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The present issue of the HARBINGER ends the labours of the year-an eventful year. Eighteen Hundred and Sixty One will be a memorable period in the annals of the Church and the world.
Its months have been marked by unusual calamities and crimes. Shipwrecks on our coast, accidents on our railways, and disastrous fires and explosions in our cities and towns have plunged thousands in distress. The periodicals of the day have been loaded with enormities, and the Gazette has groaned beneath crowds of bankrupts and defaulters, while our courts of justice have stood aghast at the multiplied murders and species of crime hitherto unknown.
In some respects the year draws auspiciously to a close. The despotisms of the world seem in the throes of dissolution.
Though America still bleeds, happily we are at peace. Resolved on non-interference in the struggle between the Northern and Southern States, we only wish we may become independent of slave-grown produce; that the war may end; end soon; and end in the freedom of the slave.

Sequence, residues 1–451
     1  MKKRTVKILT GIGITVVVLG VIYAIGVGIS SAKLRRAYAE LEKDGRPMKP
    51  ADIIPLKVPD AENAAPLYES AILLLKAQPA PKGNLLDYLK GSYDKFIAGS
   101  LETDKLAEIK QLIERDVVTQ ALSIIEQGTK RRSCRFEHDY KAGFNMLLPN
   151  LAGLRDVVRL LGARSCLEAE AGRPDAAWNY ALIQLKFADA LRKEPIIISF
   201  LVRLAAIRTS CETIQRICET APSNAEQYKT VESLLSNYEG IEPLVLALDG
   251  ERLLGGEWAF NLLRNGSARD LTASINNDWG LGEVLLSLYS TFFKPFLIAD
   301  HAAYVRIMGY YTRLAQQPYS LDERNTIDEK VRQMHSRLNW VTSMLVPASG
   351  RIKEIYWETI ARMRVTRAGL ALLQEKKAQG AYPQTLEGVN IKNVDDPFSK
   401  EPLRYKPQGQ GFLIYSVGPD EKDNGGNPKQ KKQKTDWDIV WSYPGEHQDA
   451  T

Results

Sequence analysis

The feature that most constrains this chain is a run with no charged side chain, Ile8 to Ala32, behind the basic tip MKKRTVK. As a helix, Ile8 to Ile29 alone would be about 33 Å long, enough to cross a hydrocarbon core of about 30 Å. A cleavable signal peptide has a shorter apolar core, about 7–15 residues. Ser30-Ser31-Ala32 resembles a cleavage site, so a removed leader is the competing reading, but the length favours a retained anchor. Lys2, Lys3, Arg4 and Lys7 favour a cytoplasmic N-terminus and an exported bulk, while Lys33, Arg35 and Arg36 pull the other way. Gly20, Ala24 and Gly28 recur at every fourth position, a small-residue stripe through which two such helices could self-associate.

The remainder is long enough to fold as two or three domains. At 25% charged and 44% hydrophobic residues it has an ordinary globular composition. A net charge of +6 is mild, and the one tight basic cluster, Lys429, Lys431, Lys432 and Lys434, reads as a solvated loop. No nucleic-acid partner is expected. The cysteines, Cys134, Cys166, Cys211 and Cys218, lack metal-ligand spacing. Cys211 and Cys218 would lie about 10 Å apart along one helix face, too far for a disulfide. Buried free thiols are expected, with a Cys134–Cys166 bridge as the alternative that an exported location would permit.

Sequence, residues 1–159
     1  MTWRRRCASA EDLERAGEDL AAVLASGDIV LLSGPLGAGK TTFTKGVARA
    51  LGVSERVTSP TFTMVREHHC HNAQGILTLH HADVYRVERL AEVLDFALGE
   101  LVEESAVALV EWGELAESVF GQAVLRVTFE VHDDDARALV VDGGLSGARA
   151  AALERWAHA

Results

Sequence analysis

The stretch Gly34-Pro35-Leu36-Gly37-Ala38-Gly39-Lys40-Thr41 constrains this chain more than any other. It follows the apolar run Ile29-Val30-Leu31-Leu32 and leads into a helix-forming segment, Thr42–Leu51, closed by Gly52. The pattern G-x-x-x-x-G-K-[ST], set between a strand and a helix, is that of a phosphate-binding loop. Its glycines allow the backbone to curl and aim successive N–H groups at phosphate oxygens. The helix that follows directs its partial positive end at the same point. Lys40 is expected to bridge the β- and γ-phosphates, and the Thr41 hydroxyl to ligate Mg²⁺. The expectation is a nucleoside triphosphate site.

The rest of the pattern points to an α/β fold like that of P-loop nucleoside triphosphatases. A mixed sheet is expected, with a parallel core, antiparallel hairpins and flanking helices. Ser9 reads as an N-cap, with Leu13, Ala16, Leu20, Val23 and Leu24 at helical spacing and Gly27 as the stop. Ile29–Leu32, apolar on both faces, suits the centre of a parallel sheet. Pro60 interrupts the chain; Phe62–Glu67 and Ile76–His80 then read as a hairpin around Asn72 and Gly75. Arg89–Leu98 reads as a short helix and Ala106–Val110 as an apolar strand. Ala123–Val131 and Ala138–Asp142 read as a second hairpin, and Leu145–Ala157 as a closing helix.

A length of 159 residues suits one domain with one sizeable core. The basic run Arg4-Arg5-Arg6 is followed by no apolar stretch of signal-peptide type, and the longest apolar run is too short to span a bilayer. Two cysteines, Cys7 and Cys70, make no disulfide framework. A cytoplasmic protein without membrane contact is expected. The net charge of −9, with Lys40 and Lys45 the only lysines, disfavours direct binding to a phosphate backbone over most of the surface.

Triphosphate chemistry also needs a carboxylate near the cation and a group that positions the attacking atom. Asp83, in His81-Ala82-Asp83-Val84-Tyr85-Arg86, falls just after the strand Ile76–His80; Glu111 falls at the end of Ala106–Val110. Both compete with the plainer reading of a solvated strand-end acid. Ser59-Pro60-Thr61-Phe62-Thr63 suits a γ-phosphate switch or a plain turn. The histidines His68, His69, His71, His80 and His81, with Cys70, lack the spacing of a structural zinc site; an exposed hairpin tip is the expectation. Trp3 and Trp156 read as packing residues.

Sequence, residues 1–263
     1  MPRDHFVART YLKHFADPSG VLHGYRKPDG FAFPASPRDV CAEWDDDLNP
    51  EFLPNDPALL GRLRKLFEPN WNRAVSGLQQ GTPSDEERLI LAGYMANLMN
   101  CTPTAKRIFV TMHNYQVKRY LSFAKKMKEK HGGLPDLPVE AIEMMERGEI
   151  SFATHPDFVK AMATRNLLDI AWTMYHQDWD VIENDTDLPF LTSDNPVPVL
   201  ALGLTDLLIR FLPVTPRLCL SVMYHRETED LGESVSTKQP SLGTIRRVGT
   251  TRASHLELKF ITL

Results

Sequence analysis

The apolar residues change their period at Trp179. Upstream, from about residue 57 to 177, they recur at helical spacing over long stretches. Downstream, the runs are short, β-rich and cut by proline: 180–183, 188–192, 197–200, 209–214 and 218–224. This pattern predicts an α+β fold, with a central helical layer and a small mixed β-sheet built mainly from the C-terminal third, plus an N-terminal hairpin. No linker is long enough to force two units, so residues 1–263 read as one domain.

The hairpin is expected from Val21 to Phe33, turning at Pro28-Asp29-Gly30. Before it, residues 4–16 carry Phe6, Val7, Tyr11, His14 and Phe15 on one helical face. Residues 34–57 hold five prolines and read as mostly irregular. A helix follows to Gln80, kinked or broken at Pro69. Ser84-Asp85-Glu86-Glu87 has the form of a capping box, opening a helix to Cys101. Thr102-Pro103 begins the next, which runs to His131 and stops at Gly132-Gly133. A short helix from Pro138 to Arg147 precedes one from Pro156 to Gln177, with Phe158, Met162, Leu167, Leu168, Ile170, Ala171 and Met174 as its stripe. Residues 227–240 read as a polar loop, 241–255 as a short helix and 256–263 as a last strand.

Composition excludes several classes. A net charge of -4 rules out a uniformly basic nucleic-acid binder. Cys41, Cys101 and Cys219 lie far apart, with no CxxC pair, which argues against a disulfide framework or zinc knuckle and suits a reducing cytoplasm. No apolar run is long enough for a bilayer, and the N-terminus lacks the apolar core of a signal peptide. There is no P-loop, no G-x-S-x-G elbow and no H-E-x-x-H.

The year that begun with prayer, has witnessed the slow, but steady progress of the Gospel. The “Essays and Reviews,” which at one time awakened our fears, has become a tale that is told. Negative theology on the continent is receding in the wake of vulgar speculations and critical rationalism, and everywhere giving place to evangelical truth.
The Papacy trembles to its fall. Austria, the mainstay of Popery, is humbled.
In Italy, absolutism and intolerance lie prostrate before liberty and truth. The Pope's temporalities are swept away; and, notwithstanding the efforts of the priesthood, his spiritual tyranny is doomed to a similar fate. Under the blissful effusion of the Holy Spirit, missionaries of the Cross are marching forward to conquer that pricst-ridden land for Christ,